How does humanism become an illusion in Joseph Conrad's Heart of Darkness?
Before we talk about humanism in conjunction with Joseph Conrad's Heart of Darkness, it's helpful to define the term "humanism" itself. Humanism can refer to a variety of things, is generally a system of beliefs (a philosophical outlook, really), that celebrates humans as rational and ethical beings, values the pursuit of knowledge and the use of reason, and regards all humans as beings possessing inherent value and/or dignity. In short, humanism sees human beings as inherently good and valuable, and emphasizes human experience and knowledge as important.
Now, let's see how humanism becomes an illusion in Conrad's novel. To start, it's important to remember Kurtz began as something of a humanist, as he claimed his acts among the natives of the Congo had the potential to accomplish unparalleled good for all parties involved. In that case, it's apparent Kurtz initially valued the humanist pursuit of knowledge and believed in the inherent goodness of the human race. It's clear, however, that the humanist mission with which Kurtz began the novel gradually devolves into chaos. Rather than respect the natives as dignified humans, Kurtz rules over them as an autocrat and uses them as means to an end (when he isn't killing them and sticking their heads on stakes, that is). Furthermore, Kurtz ceases to base his activities on reason and rational thought, choosing instead to set himself up as an all-powerful god. Thus, it would appear that, within colonialism's African empire, humanism dissolves and is replaced by greed, fanaticism, and unparalleled cruelty and oppression.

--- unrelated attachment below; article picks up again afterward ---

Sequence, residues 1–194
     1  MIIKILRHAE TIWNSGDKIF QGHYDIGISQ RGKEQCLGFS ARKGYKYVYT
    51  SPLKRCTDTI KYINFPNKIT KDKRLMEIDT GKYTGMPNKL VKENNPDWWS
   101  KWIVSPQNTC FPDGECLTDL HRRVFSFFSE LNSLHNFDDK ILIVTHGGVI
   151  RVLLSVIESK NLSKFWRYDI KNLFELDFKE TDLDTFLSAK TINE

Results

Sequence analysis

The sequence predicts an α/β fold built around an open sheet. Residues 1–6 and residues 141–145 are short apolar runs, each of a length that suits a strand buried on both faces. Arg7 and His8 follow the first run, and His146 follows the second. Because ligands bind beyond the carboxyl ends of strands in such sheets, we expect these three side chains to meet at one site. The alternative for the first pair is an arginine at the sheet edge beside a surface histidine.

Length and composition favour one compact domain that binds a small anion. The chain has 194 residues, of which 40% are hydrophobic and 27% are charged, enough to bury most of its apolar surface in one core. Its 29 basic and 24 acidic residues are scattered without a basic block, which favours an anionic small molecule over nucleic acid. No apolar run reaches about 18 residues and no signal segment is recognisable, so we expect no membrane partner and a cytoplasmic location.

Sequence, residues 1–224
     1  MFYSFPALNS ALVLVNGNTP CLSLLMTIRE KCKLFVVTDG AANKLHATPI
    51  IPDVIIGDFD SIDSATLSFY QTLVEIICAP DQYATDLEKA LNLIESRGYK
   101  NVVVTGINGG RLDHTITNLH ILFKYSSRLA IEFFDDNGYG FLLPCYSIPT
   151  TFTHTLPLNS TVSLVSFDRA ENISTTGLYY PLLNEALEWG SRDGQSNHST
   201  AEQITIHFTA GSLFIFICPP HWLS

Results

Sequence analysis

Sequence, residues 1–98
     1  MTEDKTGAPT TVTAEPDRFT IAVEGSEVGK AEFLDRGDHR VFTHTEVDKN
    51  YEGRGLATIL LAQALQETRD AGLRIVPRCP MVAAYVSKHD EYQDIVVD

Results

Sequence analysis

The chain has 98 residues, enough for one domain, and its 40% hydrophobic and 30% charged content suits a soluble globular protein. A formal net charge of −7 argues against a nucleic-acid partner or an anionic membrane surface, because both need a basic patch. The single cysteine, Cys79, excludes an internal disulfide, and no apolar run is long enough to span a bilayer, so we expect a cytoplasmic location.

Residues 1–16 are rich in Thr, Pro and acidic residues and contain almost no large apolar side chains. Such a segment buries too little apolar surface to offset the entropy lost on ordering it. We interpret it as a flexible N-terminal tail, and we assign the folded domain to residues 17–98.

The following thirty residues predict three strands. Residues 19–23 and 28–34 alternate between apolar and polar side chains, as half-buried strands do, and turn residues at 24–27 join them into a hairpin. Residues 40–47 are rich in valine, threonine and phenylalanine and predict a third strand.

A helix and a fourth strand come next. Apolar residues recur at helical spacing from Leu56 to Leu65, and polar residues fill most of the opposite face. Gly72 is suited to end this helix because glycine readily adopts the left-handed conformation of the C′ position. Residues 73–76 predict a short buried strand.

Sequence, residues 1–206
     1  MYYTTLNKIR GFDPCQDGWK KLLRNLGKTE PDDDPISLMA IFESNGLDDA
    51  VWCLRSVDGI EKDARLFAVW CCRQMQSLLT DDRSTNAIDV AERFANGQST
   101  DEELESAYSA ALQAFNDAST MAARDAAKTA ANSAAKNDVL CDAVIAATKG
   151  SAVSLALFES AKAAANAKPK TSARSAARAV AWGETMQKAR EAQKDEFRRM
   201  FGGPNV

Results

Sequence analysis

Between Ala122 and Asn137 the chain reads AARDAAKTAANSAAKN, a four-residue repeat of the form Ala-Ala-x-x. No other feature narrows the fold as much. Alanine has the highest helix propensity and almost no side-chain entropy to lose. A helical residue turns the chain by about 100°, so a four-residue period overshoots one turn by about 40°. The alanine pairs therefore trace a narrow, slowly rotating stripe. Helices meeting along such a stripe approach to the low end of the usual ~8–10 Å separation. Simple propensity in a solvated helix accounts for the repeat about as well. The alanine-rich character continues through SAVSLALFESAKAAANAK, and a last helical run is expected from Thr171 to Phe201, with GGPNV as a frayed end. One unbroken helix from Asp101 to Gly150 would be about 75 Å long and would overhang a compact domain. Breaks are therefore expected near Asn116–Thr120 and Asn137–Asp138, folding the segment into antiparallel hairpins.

One of the most famous lines from Conrad's Heart of Darkness is spoken by the narrator, Marlow, who states, "All Europe contributed to the making of Kurtz." While Europe enjoyed what has come to be called the Age of Enlightenment, constituting roughly most of the 18th century, it disgorged from its shores numerous explorers, merchants, adventurers, religious representatives and scoundrels to the "savage" corners of the world.
Many of those who departed Europe went in the name of European civilization, imbued with the notion that they were delivering to "uncivilized" parts of the world the best and the brightest representatives of the newly-minted humanist fervor, an intellectual flowering that had resulted in loosening the shackles of religious dogma and the constraints of centuries of tradition.
Kurtz represented this notion; in a letter to the officers of the ivory company in Brussels prior to his embarking for Africa, he pronounced his humanist intention that "By the simple exercise of our will we can exert a power for good practically unbounded..." The story devolves, however, into a nightmare of exploitation, murder and madness, as Kurtz surrenders to the tyrannical darkness within his heart and comes to view the Africans he encounters as savages, exhorting his European cohorts to "Exterminate all the brutes!"